3. Finding no other alternative, they filed a writ petition before the High Court Division and obtained Rule Nisi in Writ Petition No.708 of 2005.
4. Writ-respondents did not file any affidavit-in-opposition to contest the Rule.  But learned Assistant Attorney-General appearing on their behalf before the High Court Division raised the question of maintainability of the writ petition on the ground that the writ-petitioners are the officers of Bangladesh Krishi Bank which is included in the schedule of the Administrative Tribunals Act, 1980. Therefore, the writ petition is not maintainable. He further submits that the Krishi Bank Employees Service Rules provide that the Assistant Engineer could be promoted up to Executive Engineer for which the respondent-bank prepared separate gradation list. Though the Rule provides that the writ-petitioners would be promoted as Executive Engineer, the writ-petitioners did not challenge the said Rules, namely  বাংলাদেশ কৃষি ব্যাংক কর্মচারী প্রবিধানমালা, 1988 and,  as such, the writ-petitioners cannot get relief under  writ jurisdiction without challenging the same. On that score the Rule is liable to be discharged.
5. The learned Judges of the High Court Division, upon hearing the Rule, by the impugned judgment and order dated 15-3-2009 made the Rule absolute with direction.
6. Feeling aggrieved by and dissatisfied with the judgment and order passed by the High Court Division, the writ-respondents as the leave petitioners have filed Civil Petition for Leave-to Appeal No. 1245 of 2009 before this Division and obtained leave on 1-11-2010, resulting in Civil Appeal No. 91 of 2011.
7. Mr Mahbubey Alam, learned Senior Advocate (Mr Shah Monjurul Haque, learned Advocate with him), appearing on behalf of the appellants, submits that the writ petition was filed before the High Court Division challenging the gradation list which essentially relates to the terms and conditions of the service of the writ-petitioner-respondents and, as such, their remedy lies before the Administrative Tribunal as Bangladesh Krishi Bank Limited has been included within the schedule of Administrative Tribunals Act, 1980 and, as such, the impugned judgment should be set aside. He further submits that if the impugned gradation list is taken as malafide out of vengeance or with ulterior motive to take revenge, in that case, the Tribunal can strike down the gradation list and, as such the impugned judgment should be set aside.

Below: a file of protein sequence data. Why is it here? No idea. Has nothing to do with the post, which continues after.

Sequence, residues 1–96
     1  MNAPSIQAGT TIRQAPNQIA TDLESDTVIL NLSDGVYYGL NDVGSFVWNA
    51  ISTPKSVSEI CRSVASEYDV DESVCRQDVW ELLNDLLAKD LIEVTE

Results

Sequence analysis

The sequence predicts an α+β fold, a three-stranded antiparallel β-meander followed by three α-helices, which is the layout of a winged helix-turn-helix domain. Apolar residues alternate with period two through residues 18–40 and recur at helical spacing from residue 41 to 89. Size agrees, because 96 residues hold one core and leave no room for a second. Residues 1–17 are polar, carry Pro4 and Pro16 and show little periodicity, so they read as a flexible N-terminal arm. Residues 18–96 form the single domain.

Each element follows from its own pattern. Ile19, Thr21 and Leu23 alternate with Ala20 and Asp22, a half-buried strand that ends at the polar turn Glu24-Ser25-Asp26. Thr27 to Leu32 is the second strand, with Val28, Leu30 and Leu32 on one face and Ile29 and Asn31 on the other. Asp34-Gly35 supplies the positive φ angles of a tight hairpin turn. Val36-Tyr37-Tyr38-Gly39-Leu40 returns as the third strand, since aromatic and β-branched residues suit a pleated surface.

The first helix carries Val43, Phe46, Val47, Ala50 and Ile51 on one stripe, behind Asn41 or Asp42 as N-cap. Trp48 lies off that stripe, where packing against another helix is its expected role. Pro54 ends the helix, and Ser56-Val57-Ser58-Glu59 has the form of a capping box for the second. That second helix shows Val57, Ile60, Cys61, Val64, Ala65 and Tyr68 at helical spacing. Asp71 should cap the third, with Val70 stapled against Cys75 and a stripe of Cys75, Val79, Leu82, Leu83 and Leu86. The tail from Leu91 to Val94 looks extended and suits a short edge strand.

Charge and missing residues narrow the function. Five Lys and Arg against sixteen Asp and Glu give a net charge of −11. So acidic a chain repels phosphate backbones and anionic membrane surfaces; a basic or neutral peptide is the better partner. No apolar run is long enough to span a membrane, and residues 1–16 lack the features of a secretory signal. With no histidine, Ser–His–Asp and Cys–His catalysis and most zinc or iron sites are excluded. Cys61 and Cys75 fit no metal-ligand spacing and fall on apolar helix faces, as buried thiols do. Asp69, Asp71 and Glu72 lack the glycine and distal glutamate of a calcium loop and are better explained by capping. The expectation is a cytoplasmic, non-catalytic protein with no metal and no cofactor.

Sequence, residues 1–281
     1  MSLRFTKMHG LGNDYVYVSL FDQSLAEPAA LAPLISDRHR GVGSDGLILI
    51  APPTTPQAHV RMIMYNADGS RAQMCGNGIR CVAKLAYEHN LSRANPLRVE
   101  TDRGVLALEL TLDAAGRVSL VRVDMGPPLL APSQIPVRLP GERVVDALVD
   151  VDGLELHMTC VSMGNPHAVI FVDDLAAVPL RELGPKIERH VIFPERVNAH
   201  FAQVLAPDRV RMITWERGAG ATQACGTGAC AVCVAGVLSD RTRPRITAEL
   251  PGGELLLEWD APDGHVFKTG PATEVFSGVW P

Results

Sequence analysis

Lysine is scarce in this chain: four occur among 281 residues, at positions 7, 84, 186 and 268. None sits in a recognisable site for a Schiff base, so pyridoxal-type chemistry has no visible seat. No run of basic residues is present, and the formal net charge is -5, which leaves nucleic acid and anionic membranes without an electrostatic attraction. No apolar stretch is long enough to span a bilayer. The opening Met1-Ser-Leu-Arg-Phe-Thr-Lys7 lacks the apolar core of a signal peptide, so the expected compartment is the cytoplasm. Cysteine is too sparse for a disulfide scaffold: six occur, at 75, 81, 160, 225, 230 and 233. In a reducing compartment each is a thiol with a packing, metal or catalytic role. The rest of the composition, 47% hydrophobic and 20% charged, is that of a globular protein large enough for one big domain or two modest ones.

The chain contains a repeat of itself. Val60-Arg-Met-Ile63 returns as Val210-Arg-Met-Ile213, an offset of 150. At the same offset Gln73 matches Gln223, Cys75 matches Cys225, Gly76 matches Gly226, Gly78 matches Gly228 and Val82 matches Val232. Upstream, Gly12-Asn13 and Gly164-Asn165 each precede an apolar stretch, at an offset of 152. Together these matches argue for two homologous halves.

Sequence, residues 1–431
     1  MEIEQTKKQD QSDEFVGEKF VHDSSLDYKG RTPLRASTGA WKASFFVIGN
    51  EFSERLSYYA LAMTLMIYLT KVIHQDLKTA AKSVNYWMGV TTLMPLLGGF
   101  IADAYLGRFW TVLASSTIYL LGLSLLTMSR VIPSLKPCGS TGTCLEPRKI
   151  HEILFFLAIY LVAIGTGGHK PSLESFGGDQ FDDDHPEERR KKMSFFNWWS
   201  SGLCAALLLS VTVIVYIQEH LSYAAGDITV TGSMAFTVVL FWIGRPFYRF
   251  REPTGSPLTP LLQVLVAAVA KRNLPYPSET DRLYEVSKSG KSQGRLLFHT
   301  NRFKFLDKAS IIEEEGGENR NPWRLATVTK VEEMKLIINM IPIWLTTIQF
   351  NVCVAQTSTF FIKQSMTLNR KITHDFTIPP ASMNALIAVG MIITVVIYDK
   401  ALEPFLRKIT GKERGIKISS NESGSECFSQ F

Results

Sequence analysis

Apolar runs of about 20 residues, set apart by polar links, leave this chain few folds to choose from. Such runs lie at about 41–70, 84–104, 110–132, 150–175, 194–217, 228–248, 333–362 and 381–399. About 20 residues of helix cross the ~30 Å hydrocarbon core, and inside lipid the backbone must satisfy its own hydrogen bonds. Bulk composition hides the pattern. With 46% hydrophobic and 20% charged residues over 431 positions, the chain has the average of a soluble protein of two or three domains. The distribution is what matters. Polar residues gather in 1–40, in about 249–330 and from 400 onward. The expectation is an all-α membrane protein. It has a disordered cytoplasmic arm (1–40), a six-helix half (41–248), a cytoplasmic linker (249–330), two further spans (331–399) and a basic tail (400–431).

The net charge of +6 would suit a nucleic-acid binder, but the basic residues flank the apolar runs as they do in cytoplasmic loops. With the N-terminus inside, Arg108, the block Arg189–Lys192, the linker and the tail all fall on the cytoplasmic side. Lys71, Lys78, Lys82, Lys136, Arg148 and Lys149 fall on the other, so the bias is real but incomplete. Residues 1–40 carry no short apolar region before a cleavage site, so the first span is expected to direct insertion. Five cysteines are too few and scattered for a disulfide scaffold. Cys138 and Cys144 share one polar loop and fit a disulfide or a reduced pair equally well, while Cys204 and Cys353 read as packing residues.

8. Mr Khurshid Alam Khan, learned Advocate, appearing on behalf of the writ-petitioner-respondents, on the other hand, submits that as the writ-petitioners could make out a case out of malafide, the writ petition filed before the High Court Division was maintainable.
9. We have considered the submissions of the learned Senior Advocate for the appellants and the learned Advocate for the writ-petitioner respondents, perused the impugned judgment and the materials on record.
10. The High Court Division noted that the appellants prepared a gradation list on 3-11-1998 where the writ-petitioners and other officers of the said bank have been included according to their, seniority. The High Court Division further noted that by the impugned gradation list dated 10-4-2004 (Annexure-C to the writ petition) and dated 2-12-2004 (Annexure-D); the bank authority  excluded the names of the writ-petitioners and prepared a separate gradation list for them. The High Court Division came to a definite finding that separate gradation lists were prepared by the appellant-bank with a malafide intention and that, the appellant-bank deprived, the writ-petitioner-respondents of promotion, from the, post of Principal Officers to Senior Principal, Officers and that the bank-authority asked only the Principal Officers to appear before the Promotion. Board for promotion to the post of Senior Principal Officers which is a malafide, action of the bank authority and, as such, the writ petition was maintainable.